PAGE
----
Prior to enrolling in the MBA program, Vanessa worked as an occupational therapist with Dekalb Medical for ten years before spending the past five years doing quality reporting for the hospital. In 2018, Dekalb Medical was acquired by Emory Healthcare, opening new possibilities for Vanessa.

“I just started poking around on the Internet to inform myself about the great benefits I was entitled to as an Emory Healthcare employee,” said Vanessa. “And it turned out, they had a really great tuition reimbursement program, especially for graduate level programs.”

From there, she just had to decide what to do. After a brief stint as an adjunct professor with Brenau University, Vanessa ruled out teaching and, ultimately, settled on an MBA program.

“The degree that seemed to open the most doors for me was an MBA,” she said. “As I started to think of myself and any future career, like an MBA, I didn’t know what direction that would take me, but I knew it would give me a lot of options.”

Vanessa was recommended to the Georgia WebMBA® Program, which is jointly offered by seven University System of Georgia schools (including Georgia Southern), by two alumni of the program she worked with.

Two things sold Vanessa on Georgia Southern specifically: the free application window, which runs the first two weeks of February, and Karen Wells, Georgia Southern’s MBA recruiter at the time.

“I honestly met Karen Wells through Georgia Southern, and she was just really kind to me and seemed to understand my role as a working mom and all my other responsibilities,” explained Vanessa. “We just had some great conversations, and there was, like, no pressure; she just kind of listened and provided information and just went from there.”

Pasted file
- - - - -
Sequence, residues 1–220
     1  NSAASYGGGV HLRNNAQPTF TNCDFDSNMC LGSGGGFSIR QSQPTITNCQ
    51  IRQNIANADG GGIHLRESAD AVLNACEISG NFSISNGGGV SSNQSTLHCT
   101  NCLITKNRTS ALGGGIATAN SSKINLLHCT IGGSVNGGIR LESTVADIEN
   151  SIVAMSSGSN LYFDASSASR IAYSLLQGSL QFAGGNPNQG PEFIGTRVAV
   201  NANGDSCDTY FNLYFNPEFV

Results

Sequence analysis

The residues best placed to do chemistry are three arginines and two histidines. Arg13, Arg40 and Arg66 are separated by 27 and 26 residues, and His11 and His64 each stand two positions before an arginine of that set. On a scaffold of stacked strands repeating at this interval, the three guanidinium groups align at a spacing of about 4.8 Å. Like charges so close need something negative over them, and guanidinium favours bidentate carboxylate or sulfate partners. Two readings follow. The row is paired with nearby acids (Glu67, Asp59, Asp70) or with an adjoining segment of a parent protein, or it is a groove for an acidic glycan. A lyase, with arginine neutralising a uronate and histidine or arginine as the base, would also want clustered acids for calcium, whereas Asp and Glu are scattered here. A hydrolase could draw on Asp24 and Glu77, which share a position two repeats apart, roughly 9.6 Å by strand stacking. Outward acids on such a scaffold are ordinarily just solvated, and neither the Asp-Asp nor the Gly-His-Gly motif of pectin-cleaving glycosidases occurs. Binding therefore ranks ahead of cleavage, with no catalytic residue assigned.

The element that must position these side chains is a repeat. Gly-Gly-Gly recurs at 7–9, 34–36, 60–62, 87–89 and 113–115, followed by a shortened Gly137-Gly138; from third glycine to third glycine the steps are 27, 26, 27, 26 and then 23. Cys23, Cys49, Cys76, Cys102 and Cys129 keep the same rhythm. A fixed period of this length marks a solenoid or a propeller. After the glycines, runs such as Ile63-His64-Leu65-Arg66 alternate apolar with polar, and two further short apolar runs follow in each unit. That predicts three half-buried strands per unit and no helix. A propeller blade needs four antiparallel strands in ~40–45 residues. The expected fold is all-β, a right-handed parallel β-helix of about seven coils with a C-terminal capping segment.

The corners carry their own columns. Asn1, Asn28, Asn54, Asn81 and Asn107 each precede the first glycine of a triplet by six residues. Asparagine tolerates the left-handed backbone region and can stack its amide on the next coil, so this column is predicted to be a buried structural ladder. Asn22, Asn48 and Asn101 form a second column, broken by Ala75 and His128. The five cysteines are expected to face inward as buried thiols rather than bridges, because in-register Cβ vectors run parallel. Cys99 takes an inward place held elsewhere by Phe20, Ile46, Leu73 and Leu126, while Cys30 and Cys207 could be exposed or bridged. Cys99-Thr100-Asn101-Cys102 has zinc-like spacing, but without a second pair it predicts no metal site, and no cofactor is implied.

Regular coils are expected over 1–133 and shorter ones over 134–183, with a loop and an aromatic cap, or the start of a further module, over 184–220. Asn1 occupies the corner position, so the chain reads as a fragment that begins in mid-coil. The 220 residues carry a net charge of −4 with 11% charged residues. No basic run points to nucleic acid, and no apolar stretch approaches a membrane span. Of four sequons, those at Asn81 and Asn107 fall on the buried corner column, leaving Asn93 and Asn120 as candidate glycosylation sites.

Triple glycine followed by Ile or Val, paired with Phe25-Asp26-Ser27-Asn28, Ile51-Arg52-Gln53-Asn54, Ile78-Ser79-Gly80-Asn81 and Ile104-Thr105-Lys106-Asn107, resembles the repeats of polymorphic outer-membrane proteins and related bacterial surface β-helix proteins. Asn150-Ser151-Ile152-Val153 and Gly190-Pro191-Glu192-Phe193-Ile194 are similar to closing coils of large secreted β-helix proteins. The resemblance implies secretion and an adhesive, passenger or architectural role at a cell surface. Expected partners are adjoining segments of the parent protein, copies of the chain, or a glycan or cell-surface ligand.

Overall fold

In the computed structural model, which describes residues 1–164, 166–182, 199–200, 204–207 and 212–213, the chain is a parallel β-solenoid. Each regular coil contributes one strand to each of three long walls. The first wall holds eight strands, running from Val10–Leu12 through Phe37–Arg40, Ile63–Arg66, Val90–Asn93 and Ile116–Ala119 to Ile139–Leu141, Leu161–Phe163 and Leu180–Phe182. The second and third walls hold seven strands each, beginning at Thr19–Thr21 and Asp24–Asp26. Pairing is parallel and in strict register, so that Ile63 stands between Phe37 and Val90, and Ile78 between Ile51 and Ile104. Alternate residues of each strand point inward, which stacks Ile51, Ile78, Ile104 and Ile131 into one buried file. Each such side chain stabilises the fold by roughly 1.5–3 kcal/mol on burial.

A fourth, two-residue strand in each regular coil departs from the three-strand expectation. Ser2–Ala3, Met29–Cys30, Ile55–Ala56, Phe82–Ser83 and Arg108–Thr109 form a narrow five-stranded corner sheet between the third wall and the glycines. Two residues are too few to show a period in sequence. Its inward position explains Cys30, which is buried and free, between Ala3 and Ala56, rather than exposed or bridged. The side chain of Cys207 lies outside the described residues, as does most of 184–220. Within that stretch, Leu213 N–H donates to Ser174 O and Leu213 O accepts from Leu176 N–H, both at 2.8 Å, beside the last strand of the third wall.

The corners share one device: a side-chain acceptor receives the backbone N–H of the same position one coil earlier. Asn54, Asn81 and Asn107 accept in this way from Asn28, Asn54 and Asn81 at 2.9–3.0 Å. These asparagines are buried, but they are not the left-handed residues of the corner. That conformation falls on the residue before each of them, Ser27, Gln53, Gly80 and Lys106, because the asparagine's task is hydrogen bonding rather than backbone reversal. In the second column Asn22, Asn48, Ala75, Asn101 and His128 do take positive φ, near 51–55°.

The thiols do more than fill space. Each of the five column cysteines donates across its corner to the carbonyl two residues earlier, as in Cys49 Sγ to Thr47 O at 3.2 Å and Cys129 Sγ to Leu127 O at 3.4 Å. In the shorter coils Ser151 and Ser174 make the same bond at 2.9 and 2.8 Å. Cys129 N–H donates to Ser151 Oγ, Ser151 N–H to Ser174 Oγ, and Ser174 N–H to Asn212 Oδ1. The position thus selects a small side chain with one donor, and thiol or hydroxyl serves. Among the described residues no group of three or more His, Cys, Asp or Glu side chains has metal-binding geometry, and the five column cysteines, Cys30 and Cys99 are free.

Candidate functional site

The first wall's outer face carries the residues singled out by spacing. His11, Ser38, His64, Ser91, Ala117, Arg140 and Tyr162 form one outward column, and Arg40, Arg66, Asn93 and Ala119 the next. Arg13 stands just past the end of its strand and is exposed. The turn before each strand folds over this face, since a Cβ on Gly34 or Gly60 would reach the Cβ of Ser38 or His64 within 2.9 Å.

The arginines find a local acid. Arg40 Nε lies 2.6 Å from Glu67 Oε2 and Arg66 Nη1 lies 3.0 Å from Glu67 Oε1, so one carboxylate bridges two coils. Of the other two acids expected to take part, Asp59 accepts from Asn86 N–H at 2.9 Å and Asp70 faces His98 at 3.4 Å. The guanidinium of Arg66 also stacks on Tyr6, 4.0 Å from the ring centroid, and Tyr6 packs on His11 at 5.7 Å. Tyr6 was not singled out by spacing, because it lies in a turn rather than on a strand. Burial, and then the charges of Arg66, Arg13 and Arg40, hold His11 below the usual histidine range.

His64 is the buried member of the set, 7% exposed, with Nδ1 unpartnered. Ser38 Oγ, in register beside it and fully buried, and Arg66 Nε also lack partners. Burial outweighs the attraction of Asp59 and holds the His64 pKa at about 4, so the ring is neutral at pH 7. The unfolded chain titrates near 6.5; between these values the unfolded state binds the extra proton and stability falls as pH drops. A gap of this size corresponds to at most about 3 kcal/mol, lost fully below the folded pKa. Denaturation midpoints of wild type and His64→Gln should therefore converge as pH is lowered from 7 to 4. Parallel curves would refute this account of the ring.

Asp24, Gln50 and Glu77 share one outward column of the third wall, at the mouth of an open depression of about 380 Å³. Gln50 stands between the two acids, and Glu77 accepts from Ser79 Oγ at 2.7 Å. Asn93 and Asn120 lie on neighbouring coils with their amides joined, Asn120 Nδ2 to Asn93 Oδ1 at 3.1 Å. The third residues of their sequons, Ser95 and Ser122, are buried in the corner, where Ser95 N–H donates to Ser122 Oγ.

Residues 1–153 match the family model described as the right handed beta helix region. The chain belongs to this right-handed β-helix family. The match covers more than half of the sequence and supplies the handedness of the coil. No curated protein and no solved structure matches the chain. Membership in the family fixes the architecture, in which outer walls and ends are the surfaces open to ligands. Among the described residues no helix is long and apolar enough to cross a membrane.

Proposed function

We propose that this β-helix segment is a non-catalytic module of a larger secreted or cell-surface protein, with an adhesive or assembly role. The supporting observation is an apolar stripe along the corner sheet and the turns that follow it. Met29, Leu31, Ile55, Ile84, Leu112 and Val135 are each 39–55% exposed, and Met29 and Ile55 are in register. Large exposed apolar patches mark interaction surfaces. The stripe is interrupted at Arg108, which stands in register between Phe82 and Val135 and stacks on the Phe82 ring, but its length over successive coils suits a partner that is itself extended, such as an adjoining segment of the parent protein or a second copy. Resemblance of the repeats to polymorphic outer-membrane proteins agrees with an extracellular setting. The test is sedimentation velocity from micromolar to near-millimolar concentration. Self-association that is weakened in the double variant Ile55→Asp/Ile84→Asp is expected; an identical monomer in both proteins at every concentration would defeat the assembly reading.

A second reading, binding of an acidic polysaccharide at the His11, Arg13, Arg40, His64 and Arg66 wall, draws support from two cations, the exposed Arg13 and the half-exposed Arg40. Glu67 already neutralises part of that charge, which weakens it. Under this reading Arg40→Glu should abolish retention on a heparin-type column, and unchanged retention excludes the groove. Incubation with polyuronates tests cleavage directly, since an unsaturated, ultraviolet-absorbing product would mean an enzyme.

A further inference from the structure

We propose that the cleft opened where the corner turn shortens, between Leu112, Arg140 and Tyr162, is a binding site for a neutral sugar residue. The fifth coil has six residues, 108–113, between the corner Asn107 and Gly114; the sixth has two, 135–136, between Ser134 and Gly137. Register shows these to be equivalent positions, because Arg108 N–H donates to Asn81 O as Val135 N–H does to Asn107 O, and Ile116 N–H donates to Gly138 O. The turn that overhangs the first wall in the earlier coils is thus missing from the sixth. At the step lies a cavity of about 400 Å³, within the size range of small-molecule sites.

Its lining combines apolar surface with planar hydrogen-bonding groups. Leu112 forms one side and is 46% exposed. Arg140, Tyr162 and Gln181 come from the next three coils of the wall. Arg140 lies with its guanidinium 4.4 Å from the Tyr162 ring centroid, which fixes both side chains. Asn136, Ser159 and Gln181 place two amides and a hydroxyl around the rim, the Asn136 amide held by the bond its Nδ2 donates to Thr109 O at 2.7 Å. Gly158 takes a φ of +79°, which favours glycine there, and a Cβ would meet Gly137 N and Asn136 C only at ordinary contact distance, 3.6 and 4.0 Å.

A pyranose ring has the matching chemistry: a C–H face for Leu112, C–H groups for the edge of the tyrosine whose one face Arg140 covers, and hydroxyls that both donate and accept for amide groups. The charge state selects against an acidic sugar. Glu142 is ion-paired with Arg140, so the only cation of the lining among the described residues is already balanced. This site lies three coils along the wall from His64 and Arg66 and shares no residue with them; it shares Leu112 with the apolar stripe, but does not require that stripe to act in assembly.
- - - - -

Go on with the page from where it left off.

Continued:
While deciding which college to attend worked itself out for Vanessa, attending presented a bit of a greater challenge.

“I knew two people who graduated from the program, so they gave me an estimation of how much time it would take each week,” Vanessa recalled. “And I actually made myself an Excel color-coded file with all my different life roles of work, driving to and from daycare, meal prep, exercise, church. I blocked out all these times and had to answer the question: where would 20 hours a week exist? Did it exist? I started off with a question. I was not sure at all if I was going to be able to do this or pull it off.”